The analogy of faith was a key principle of interpretation taught by the Reformers which which teaches that Scripture should interpret Scripture. This principle is stated in the Westminster Confession (1.9) in this manner: "The infallible rule of interpretation of Scripture is the Scripture itself: and therefore, when there is a question about the true and full sense of any Scripture (which is not manifold, but one), it must be searched and known by other places that speak more clearly."

"There must be a consistency in all revealed truth because it represents absolute truth in the mind of God. Therefore each passage can have only one certain and simple sense. As the infallibly inspired word of God, the Scriptures are reliable, self-consistent and carry within them all that is needed for clarity. Since all that God makes known fits with what He knows perfectly, it is always proper to assume that no contradictions or dual realities can be attached to what He speaks." Bob Burridge

Charles Hodge, in his Systematic Theology, has expressed the idea this way: "If the Scriptures be what they claim to be, the word of God, they are the work of one mind, and that mind divine. From this it follows that Scripture cannot contradict Scripture. God cannot teach in one place anything which is inconsistent with what He teaches in another. Hence Scripture must explain Scripture. If a passage admits of different interpretations, that only can be the true one which agrees with what the Bible teaches elsewhere on the same subject.^[1]^

Basis for the term

In Romans 12:6 Paul says that each one was to exercise his gift of prophecy, i.e., of teaching, "according to the proportion of faith." The Greek word for proportion here is analogia, and hence the phrase analogy of faith. The meaning is, that the utterances of the "prophet" were not to fluctuate according to his own impulses or independent thoughts, but were to be in accordance with the truth revealed to him as a believer. Following the Reformation, this phrase was used to mean that all Scripture was to be interpreted with reference to all other Scripture. In other words, no single text or expression of Scripture was to be isolated or interpreted in a way contrary to its general teaching.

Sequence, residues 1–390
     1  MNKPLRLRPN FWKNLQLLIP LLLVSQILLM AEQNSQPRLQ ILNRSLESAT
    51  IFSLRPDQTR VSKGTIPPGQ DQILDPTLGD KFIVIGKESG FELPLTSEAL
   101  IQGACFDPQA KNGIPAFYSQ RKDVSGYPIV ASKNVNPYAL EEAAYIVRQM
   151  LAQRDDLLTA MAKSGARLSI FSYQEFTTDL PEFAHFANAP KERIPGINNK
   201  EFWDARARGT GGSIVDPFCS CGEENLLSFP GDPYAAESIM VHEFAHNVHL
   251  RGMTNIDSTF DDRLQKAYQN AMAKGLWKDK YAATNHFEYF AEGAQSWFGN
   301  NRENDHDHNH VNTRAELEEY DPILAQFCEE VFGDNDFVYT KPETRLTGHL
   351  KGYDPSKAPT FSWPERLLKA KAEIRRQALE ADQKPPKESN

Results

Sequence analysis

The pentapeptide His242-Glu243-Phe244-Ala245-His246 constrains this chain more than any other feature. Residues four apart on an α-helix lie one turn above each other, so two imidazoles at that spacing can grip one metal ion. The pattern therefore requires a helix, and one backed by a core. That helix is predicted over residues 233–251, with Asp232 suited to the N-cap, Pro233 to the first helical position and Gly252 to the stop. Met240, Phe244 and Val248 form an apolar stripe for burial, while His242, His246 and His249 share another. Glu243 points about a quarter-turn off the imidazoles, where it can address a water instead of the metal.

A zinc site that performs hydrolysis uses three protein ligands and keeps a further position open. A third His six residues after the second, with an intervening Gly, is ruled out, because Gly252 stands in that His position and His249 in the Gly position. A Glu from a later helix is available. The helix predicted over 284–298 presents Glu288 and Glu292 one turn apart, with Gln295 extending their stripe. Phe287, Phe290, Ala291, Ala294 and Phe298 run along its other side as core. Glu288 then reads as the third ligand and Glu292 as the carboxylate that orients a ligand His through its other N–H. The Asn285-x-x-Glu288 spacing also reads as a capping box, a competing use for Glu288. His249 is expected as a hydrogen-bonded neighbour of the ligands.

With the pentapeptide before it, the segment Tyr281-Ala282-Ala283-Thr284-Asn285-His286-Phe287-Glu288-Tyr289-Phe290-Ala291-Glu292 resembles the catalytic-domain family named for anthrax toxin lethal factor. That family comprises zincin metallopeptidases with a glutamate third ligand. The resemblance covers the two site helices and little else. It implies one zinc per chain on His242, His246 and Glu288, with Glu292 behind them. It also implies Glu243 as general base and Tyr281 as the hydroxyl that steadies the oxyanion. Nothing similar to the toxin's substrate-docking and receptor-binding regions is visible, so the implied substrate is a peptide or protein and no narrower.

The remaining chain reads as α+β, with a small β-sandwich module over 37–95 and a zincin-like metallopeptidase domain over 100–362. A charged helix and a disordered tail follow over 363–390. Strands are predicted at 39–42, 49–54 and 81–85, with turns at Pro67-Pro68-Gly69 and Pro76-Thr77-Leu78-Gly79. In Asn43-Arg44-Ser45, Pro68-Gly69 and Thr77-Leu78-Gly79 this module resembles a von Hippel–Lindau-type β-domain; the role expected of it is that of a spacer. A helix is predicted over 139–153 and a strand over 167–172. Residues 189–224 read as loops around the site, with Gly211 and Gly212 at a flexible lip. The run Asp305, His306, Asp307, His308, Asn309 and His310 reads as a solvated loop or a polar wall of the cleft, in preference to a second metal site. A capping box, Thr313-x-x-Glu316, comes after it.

Cautions and concerns

The principle of allowing Scripture to interpret Scripture is a valid aspect of the "analogy of faith," presupposing a unity and self-consistency in Scripture as the work of God. Critics from within conservative evangelicalism warn of potential misuse when the analogy of faith is restricted to that which one finds harmonious and non-contradictory at the expense of sound hermeneutics and exegesis.

Walter Kaiser, in Toward an Exegetical Theology, says "the Church at large (since the time of the Reformers especially) is in error when she uses the analogy of faith (analogia fidei) as an exegetical device for extricating meaning from or importing meaning to texts that appeared earlier than the passage where the teaching is set forth most clearly or perhaps even for the first time" (p.82). While the concept of progressive revelation suggests interpreting the Old Testament in light of the New, Kaiser argues that this is not a license to read meanings into the OT that are not there. He sees misapplications of the "analogy of faith" in the past doing just that.

Daniel Fuller also sees the use of the "analogy of faith" by the Reformers, evident in Luther, as introducing a subjectivity that sometimes contradicts the very idea of Sola Scriptura for which they argued (see Fuller, in external links below).

Notes

  1. ? Charles Hodge, Systematic Theology, Vol. 1, Introduction, Chapter VI, The Protestant Rule of Faith.

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